I can’t, I will never be able to, I’m no good are the words every parent dreads to hear from their child.
Because to them it is a worrying sign that their child is missing a very important quality, a quality that can lead to achievement, success and survival of the challenges and pressures one may face in today’s world.
We all recognise this quality as “confidence”. Everyone knows what it feels like to have highs and lows in their levels of confidence but what exactly is confidence? And how can you help your child to build it?
What is ‘Confidence’?
Confidence can be influenced by our DNA, our social interactions with the world around us and the choices and decisions we make.
It has been said that we are 10% what happens to us and 90% what we choose to happen to us. Confidence is quite simply the belief we have in our own ability combined with self-esteem which is how we feel about ourselves in general. Hence it is normal to feel changes in the level of our confidence as we face new things and greater challenges.
Tips for building Confidence
Building confidence is important and achievable. Parents and teachers can help by encouraging children to have a growth-mindset. Instilling positive thinking and the belief that they can.
Failure should not be feared instead it should be practice so that children can learn and move forward. Confidence can grow where failure is not feared.
Self-compassion is also an important part of developing confidence in children and young people. It has been reported that we have 5 negative for every positive thought and that we have around 70,000 thoughts a day. Teaching children to talk to themselves as a friend would or to talk to themselves with kindness will help them overcome and challenge their negative thinking.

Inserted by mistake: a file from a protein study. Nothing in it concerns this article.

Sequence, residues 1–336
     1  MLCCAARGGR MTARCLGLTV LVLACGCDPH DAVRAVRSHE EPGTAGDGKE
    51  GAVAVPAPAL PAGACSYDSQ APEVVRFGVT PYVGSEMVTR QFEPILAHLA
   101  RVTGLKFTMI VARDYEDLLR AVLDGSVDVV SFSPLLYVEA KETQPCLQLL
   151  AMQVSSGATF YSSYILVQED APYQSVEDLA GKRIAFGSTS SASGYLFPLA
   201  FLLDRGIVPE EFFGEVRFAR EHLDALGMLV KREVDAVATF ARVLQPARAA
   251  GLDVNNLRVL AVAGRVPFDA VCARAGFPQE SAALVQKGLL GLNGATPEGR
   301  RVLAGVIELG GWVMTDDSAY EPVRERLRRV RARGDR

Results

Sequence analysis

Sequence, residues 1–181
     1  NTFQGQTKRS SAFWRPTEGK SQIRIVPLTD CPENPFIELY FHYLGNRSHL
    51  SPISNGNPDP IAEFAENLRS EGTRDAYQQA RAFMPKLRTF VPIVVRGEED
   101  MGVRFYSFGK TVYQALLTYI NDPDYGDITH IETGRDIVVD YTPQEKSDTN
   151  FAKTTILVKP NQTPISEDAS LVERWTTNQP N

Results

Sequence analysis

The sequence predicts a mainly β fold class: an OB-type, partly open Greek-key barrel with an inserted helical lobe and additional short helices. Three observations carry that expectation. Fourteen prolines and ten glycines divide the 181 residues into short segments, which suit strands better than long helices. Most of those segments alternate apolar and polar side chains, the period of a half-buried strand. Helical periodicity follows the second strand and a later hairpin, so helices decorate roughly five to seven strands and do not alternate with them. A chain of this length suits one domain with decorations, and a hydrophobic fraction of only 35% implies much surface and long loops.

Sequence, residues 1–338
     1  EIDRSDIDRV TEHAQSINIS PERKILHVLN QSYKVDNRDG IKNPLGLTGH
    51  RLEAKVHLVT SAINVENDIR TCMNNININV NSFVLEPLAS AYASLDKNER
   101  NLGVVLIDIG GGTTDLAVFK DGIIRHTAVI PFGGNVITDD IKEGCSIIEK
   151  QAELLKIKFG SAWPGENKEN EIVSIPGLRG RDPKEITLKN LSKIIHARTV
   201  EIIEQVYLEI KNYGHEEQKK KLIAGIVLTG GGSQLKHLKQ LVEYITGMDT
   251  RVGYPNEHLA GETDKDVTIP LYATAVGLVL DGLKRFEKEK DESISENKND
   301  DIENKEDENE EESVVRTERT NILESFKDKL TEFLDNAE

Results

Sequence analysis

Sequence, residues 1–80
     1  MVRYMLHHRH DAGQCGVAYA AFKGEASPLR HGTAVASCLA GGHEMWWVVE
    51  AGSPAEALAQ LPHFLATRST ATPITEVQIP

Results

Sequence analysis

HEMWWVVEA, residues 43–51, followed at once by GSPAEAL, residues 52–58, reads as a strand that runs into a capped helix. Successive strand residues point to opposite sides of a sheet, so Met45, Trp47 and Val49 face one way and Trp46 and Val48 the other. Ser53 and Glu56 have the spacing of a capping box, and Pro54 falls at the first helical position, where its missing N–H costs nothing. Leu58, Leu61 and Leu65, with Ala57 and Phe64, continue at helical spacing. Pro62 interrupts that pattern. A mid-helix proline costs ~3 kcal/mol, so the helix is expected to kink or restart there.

Music is also known to boost confidence. Playing music with a strong base beat and learning to visualise yourself achieving your goals can instil a strong believe in one’s ability and the desire to try.
Teachers can promote, teach and guide children towards building a confident attitude.
At Cumnor House school, one of the iSpace Wellbeing pioneering schools, children are also taught the concept of confidence through iSpace Wellbeing, the mental health and wellbeing curriculum.
Having a wellbeing curriculum ensures the school focuses on the development of children’s mental, physical and social health giving children the means to learn about themselves as well as subjects.
Children learn about confidence, self-esteem and resilience through situational examples, theory, and active learning.
Through this learning children build their own emotional toolkit to help them face future challenges and failure.
Resourceful children are confident children who believe in their ability to try, who see failure as an opportunity to learn and who are kind to themselves as they practice new things.
iSpace Wellbeing is the mental health and wellbeing curriculum for schools and children 4-13+. Our curriculums are evidence based, progressive, and offer whole school approach to mental health and wellbeing.
To see if iSpace Wellbeing is right for your school, visit here to learn more.